Film

Gimme Moors

Andrea Arnold offers a raw take on 'Wuthering Heights'

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cheryl@sfbg.com

FILM Emily Brontë's Wuthering Heights has inspired multiple films, as varied in quality as the 1939 Best Picture nominee starring Sir Laurence Olivier — and the 2003 made-for-MTV adaptation, in which "Heath" is a pouty, motorcycle-riding himbo. The source material may seem an odd choice for acclaimed British director Andrea Arnold, best-known for 2006's Red Road and 2009's Fish Tank, both gritty films about working-class people, unfussily shot using hand-held cameras.Read more »

Darker than dark

'Not Necessarily Noir III' film fest roars into the Roxie

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arts@sfbg.com

FILM It is one of those hard truths one must learn to live with: Quentin Tarantino will always have seen more obscure exploitation movies than you. His new Django Unchained will arrive just in time for Christmas like a gift wrapped severed limb, leaving dedicated fanboy/fangirl types just weeks yet to immerse themselves in the world of spaghetti westerns to which it pays homage.Read more »

The rescuer

'Gigli' is forgiven: 70s thriller 'Argo' is Ben Affleck's best yet

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cheryl@sfbg.com

FILM A decade or so ago, Ben Affleck was drowning in Bennifer mania and starring in schlock like Daredevil (2003) and Gigli (2003). Rumors percolated that Affleck and Matt Damon hadn't really written that Oscar-winning script for 1997's Good Will Hunting — though Damon's career was bearing more fruit at the time (see: 2002's The Bourne Identity), the "Jenny From the Block" video was nauseating enough to make anyone question the authenticity of anything Affleck-associated up to that point.Read more »

The big show

Pioneering producer Irwin Yablans talks baseball, disco, and his favorite holiday
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cheryl@sfbg.com

FILM/LIT Any horror fan can tell you that John Carpenter directed and co-wrote 1978's Halloween. But it would require a slightly more credits-obsessed moviegoer to recognize the name of behind-the-scenes maestro Irwin Yablans.Read more »

Zombie dogs! Neeson! Southern-fried jail tales! And more, in this week's new movies

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It's finally Halloweentime! (Though Walgreens would have you believe that season started in August.) Hollywood prepares appropriately with a few spookier picks (for kids, Frankenweenie, reviewed below; for older crowds, found-footage anthology V/H/S, discussed in my interview with some of the filmmakers here.) For good measure, you can check out my interview with Dee Wallace, star of some horror classics but making the press rounds for the 30th anniversary Blu-ray release of E.T. The Extraterrestrial.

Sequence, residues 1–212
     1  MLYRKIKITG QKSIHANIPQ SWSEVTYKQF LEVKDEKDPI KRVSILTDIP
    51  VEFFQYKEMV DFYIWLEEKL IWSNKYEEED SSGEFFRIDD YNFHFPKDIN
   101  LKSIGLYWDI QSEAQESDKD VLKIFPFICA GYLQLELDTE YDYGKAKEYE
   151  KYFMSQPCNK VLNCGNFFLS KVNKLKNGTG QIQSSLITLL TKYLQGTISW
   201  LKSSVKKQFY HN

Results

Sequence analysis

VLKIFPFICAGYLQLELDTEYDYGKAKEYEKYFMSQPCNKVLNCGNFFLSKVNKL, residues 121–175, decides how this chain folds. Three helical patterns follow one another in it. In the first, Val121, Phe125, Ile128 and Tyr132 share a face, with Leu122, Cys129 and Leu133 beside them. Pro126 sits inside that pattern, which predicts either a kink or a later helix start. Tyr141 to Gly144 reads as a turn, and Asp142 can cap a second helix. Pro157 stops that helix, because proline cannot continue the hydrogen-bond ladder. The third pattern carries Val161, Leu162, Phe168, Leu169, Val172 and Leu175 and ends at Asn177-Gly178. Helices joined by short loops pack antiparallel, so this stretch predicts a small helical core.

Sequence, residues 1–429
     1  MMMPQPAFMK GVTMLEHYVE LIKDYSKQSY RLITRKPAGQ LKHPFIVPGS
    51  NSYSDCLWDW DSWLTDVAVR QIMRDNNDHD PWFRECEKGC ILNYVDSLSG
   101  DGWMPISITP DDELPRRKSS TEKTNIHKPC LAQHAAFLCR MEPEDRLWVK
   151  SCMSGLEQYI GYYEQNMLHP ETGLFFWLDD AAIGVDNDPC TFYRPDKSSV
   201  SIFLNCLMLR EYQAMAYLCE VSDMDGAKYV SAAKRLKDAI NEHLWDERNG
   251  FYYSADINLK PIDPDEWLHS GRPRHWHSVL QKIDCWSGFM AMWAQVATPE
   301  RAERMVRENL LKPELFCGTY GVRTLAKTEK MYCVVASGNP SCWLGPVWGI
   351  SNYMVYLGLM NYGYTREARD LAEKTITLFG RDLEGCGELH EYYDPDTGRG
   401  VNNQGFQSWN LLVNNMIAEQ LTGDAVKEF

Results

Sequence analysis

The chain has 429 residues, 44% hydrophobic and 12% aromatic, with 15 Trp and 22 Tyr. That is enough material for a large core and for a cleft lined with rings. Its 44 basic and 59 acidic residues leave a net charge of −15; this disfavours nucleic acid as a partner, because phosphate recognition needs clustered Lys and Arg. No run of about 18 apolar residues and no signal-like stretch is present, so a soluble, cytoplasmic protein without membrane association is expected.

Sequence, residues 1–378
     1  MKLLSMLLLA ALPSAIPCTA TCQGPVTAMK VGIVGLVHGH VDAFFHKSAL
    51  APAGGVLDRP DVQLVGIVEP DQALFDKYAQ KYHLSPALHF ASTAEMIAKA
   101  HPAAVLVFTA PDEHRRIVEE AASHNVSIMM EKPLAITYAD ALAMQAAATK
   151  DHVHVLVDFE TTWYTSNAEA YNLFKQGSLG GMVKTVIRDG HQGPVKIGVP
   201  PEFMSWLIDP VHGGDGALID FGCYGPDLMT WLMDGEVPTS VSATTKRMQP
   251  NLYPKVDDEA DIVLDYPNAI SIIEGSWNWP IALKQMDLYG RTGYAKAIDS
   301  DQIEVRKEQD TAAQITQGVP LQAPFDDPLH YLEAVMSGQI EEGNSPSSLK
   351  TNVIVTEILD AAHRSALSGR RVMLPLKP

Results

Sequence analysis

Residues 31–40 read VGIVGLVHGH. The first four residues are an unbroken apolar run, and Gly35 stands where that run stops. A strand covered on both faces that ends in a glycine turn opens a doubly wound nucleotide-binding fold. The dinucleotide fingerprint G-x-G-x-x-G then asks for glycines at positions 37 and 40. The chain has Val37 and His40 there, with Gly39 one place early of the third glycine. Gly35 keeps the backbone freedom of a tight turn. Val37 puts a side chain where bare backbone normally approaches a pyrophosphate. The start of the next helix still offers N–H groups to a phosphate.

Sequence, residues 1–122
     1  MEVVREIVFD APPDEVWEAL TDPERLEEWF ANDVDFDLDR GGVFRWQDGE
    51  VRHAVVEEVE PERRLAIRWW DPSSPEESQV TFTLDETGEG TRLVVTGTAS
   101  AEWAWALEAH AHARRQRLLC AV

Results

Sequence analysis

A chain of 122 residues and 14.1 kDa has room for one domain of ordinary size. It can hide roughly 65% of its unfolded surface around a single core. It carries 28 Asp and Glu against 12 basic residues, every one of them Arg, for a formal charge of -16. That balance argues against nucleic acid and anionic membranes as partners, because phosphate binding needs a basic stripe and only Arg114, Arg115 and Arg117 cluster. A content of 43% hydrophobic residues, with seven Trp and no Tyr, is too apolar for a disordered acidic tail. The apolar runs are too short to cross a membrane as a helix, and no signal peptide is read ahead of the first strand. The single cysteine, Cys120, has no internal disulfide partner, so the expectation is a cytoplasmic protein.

Of local interest, the Mill Valley Film Festival is up and running, with some stellar picks noted here (HOLY MOTORS!) and an interview with indie pioneer Allison Anders, who debuts her new Strutter at the fest, here.

And, as always, there's more. Read on for takes on films like The Paperboy and Taken 2, which each define "trashy entertainment" in their own special ways.

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Gruesome discovery

'V/H/S' filmmakers discuss the bros and cons of found-footage horror
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cheryl@sfbg.com

FILM In the summer of 1999, horror fans hungered for something, anything, that wasn't a Scream-inspired self-aware slasher.

Though it had no stars, a microscopic budget, and was filmed in nausea-inducing shaky-cam, The Blair Witch Project burst into cinemas with a novel set-up — filmmakers lost in the woods record supernatural goings-on before falling victim to evil themselves — and scares galore. Towering box-office receipts, a Time magazine cover, and legions of rip-offs ensued.Read more »

Northern promises

MILL VALLEY FILM FEST: Our picks of the litter

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On the Road (Walter Salles, US/France/UK/Brazil, 2012) Walter Salles (2004's The Motorcycle Diaries) engages Diaries screenwriter Jose Rivera to adapt Jack Kerouac's Beat classic; it's translated to the screen in a streamlined version, albeit one rife with parties, drugs, jazz, danger, reckless driving, sex, philosophical conversations, soul-searching, and "kicks" galore. Brit Sam Riley (2007's Control) plays Kerouac stand-in Sal Paradise, observing (and scribbling down) his gritty adventures as they unfold. Read more »

Indie indeed

MILL VALLEY FILM FEST: Allison Anders stays true to her roots with lo-fi 'Strutter'

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cheryl@sfbg.com

FILM The 35th Mill Valley Film Festival is a star-studded affair, with tributes to Dustin Hoffman and 1977's Star Wars and celebrity guests (Ben Affleck! Ang Lee! Stevie Nicks!), but indie cinema fans won't want to miss Strutter. It doesn't have any movie stars, but it comes courtesy of indie heroes Allison Anders (1992's Gas Food Lodging, 1993's Mi vida loca) and Kurt Voss, Anders' co-director and co-writer on 1987's Border Radio and 1999's Sugar Town.Read more »

To be Dee

Ms. Wallace talks aliens and zombies
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We were here

Detropia chronicles urban decline in a fresh light

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FILM "I feel like I was maybe here, a while back. Or I'm older than I really am, and I just have this young body and spirit and mind — but I have a memory of this place when it was bangin'," says video blogger Crystal Starr in new doc Detropia, gazing at the Detroit skyline from an abandoned building somewhere on the West Side, puffing a little joint.Read more »